March 2013 Archives

GSLIS has named a new Dean

Dr._Abels_6232_rdax_160x215.jpgSimmons College has named Eileen G. Abels, Ph.D., a longtime library and information science practitioner and educator with a specialty in digital reference education and remote reference services, as the new dean of the Graduate School of Library and Information Science (GSLIS). Her appointment begins July 1. For the full press release visit http://www.simmons.edu/overview/about/news/press/1175.php

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Archived Infolink - March 2013

Check out the March 2013 issue of Infolink!

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GSLIS Student Publications & Awards

Master's student Allegra D'Ambruoso received a grant from the President's Diversity and Inclusion Council to fund activities that support social justice and activism. The grant enabled Massachusetts School Library Association -- Student Interest Group (MSLA-SIG) to show a film about banned books and the struggle to make all books accessible. D'Ambruoso also gave a presentation about iPad use in the school library with Deborah Froggatt '13LS at the MSLA conference on Monday, March 4.

Master's student James Fox was interviewed Dec. 1 by Dwell Magazine about a new design lecture series titled "Talk Design."

Master's student David Rowntree is co-chairing The Moving Image and Recorded Sound Roundtable for New England Archivists (NEA). The Roundtable will provide a forum for people interested in film, video, and audio collections. The first meeting will take place at the NEA conference in March 2013 (http://newenglandarchivists.org/roundtables/ moving_image_and_recorded_sound_roundtable.html).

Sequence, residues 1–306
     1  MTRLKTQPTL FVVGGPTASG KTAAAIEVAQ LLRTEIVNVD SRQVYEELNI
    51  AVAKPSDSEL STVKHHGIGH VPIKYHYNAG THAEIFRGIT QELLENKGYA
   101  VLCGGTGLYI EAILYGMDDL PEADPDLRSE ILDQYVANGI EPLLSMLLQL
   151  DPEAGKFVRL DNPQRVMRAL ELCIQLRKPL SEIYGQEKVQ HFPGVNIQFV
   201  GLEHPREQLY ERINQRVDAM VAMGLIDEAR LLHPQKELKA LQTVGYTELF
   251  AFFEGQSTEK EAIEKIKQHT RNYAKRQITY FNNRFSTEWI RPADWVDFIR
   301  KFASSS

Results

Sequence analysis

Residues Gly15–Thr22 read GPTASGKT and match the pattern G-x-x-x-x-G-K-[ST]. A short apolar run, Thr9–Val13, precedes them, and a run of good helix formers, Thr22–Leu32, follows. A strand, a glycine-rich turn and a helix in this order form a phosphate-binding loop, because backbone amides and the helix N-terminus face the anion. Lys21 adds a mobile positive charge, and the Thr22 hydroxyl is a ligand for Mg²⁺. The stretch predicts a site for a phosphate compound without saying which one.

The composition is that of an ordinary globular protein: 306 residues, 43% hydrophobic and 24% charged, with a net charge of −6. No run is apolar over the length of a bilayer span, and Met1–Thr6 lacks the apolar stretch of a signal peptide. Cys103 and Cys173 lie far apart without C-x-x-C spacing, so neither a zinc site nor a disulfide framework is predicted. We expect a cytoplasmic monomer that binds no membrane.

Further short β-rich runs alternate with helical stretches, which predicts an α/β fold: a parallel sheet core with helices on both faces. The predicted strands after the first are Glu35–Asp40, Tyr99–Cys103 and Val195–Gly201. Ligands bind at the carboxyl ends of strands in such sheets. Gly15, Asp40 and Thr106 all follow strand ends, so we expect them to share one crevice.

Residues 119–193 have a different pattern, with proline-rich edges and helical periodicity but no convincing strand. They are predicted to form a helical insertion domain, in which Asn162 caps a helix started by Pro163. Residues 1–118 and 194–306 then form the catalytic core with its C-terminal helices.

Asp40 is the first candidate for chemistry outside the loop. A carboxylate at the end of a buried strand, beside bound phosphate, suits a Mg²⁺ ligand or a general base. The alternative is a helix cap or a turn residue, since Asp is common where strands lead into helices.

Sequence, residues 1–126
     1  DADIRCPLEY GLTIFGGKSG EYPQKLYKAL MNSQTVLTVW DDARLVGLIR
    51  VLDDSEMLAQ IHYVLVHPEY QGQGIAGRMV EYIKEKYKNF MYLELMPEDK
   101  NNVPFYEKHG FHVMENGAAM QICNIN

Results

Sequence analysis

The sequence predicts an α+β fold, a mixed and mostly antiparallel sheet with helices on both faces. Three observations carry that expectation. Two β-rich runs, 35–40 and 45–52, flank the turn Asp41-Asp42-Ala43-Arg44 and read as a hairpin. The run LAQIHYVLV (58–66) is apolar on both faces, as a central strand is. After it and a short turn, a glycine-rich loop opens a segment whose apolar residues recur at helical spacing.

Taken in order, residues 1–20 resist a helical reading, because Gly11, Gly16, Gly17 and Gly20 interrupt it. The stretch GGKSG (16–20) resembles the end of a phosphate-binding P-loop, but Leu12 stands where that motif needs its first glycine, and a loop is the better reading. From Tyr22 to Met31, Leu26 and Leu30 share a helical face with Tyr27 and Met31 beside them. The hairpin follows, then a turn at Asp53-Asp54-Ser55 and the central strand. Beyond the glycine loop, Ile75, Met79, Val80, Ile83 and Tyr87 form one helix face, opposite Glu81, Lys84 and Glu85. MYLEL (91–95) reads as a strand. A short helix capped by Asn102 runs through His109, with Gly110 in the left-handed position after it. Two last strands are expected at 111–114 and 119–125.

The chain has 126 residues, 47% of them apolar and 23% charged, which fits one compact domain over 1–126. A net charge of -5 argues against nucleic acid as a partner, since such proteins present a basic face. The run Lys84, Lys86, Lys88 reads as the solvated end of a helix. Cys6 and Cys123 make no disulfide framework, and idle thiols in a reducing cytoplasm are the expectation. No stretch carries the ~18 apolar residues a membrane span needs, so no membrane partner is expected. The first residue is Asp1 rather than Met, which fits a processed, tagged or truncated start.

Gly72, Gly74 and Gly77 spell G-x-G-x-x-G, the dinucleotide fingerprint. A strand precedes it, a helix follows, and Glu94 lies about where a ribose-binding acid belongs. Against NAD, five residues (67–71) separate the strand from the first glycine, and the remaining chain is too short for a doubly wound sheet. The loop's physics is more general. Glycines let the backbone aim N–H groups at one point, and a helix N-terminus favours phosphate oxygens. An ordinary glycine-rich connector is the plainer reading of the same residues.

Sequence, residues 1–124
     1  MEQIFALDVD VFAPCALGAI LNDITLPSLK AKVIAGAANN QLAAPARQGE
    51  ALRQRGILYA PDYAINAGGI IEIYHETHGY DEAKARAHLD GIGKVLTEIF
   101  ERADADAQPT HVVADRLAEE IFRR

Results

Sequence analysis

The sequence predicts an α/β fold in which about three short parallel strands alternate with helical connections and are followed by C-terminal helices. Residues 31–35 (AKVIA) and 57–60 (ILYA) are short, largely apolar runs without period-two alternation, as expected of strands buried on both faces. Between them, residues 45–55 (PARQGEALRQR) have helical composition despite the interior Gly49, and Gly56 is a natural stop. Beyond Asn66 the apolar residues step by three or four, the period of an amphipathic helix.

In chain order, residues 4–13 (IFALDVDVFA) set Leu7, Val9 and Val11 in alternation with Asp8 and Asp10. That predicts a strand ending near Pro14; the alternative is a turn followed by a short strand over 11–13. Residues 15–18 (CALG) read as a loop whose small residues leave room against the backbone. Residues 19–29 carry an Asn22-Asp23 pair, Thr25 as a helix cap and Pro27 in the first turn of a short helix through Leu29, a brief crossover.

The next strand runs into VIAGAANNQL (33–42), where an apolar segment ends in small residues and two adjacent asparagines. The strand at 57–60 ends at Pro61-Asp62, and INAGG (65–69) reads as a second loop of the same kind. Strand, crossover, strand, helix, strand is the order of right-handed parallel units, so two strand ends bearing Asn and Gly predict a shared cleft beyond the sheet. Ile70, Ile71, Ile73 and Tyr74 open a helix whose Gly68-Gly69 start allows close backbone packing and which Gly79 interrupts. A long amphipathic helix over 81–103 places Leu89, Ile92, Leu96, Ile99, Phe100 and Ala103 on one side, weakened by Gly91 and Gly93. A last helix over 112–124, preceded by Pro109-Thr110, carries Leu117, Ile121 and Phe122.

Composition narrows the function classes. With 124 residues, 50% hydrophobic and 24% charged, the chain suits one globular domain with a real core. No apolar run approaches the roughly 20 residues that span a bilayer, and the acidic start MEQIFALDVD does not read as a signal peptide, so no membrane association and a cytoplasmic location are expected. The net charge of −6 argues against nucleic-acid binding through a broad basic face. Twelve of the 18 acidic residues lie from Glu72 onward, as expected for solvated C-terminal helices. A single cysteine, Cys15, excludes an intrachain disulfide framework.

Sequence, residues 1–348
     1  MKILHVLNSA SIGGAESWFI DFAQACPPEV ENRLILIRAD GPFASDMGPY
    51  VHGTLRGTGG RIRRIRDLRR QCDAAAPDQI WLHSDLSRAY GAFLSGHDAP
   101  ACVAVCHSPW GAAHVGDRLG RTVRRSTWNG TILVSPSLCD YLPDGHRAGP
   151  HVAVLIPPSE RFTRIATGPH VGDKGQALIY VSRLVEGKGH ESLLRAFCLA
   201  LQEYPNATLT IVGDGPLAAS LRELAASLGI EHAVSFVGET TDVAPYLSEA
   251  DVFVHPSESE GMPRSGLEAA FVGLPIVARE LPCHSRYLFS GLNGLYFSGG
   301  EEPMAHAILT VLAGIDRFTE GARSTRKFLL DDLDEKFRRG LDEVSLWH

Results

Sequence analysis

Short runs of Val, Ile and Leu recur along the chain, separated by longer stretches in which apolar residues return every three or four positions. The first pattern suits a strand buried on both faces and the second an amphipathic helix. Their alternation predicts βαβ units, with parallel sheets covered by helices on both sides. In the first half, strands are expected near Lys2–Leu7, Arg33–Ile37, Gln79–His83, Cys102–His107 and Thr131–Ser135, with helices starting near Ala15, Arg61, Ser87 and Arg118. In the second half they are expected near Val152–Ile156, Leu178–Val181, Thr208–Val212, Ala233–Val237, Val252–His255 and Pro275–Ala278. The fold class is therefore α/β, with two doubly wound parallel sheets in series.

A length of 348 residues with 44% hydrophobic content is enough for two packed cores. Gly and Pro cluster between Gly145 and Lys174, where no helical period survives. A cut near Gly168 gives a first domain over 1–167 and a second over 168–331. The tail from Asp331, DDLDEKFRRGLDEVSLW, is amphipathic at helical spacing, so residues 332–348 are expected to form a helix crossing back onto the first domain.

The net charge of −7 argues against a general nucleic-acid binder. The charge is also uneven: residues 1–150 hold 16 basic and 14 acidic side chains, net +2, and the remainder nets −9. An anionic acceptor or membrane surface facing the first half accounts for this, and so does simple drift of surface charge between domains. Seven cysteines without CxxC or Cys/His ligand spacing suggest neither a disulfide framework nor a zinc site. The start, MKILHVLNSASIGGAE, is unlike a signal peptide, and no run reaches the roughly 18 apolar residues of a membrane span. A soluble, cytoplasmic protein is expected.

Master's student Nicole Thomas, chair of the American Library Association Student Chapter, received a student travel grant to
attend the Association of College and Research Libraries' biennial conference in Indianapolis in April.

Master's students Kathryn Thornhill and Brita Zitin are participating in the Hack Library School's "Library Student Day in the Life" series: http://tinyurl.com/cnkfawb and http://tinyurl.com/cxxyph4.

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Tang to Present SUR40 Research

Associate Professor Rong Tang will give a presentation on her Microsoft Pixelsense Surface Table (SUR40) usability testing research effort on March 1, 2013, at the Liberact Workshop, which is hosted by Harvard University Library. Tang has led two phases of usability tests of the Library Explorer Application on the SUR40 table, which is installed in the Harvard Cabot Library. The research helps us understand how an interactive multi-touch tabletop may enhance student learning.

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Sullivan Talks Strategic Liaisons in MD

GSLIS Interim Dean Maureen Sullivan will join Special Libraries Association (SLA) President Deb Hunt to address key issues facing professional library associations in a presentation titled "Strategic Liaisons: Game-Changing Conversations." The SLA Maryland Chapter will sponsor the presentation, which will be held at the Marriott Hotel in Greenbelt, MD, on April 30. http://maryland.sla.org/events2013/strategic-liaisons/

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Schwartz, Agarwal Published in ASIS&T Bulletin

Professor Candy Schwartz and Associate Professor Naresh Agarwal published articles in the Association for Information Science and Technology bulletin: "Third ASIS&T Student Design Competition: The "Truthiness" Challenge" by Schwartz (http://asist.org/Bulletin/Feb-13/FebMar13_Schwartz.html) and "What ASIS&T Means to Me" by Agarwal (http://asist.org/Bulletin/Feb-13/FebMar13_Agarwal.html).

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Colon-Aguirre Keynote Speaker at Spectrum Dinner

Assistant Professor Monica Colon-Aguirre was the keynote speaker at the Simmons Spectrum Dinner for Scholars. The dinner raised $1,000 for the American Library Association's Spectrum Scholarship Initiative.

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GSLIS Student, Jason E. Davis